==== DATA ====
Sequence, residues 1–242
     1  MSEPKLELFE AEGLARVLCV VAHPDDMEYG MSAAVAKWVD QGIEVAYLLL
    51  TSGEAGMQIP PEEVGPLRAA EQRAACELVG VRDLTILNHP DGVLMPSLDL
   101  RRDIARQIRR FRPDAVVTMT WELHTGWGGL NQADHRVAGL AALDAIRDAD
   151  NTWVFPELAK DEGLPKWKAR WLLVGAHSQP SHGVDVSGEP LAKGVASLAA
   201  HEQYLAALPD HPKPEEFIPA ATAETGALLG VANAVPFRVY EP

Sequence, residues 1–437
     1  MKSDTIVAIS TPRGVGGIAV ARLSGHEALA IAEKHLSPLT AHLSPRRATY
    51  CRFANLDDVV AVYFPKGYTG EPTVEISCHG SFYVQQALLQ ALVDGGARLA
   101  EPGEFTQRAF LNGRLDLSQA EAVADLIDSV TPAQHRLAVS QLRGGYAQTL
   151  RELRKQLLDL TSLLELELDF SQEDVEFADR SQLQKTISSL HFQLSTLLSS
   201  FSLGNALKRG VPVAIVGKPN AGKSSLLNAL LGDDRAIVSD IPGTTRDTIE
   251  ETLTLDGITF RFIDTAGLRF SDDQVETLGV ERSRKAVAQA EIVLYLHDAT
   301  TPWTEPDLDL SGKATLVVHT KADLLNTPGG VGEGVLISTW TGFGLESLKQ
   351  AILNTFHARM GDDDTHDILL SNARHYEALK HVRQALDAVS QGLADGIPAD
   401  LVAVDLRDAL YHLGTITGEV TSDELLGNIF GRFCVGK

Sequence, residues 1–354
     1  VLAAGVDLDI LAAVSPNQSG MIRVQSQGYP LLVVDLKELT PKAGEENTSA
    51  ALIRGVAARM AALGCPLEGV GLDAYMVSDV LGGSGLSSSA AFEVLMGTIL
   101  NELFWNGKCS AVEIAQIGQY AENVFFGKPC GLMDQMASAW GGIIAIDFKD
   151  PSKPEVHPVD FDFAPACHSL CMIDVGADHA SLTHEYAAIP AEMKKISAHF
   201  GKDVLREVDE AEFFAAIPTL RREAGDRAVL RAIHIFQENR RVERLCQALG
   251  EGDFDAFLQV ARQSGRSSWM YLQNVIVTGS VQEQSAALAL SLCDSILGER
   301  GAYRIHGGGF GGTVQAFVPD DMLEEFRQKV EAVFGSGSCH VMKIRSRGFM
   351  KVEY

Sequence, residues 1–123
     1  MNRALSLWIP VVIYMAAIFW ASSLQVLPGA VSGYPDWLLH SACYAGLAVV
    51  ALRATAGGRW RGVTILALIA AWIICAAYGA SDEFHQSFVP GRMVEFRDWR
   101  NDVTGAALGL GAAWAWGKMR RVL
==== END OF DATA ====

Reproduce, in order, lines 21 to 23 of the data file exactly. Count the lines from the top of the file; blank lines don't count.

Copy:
   151  PSKPEVHPVD FDFAPACHSL CMIDVGADHA SLTHEYAAIP AEMKKISAHF
   201  GKDVLREVDE AEFFAAIPTL RREAGDRAVL RAIHIFQENR RVERLCQALG
   251  EGDFDAFLQV ARQSGRSSWM YLQNVIVTGS VQEQSAALAL SLCDSILGER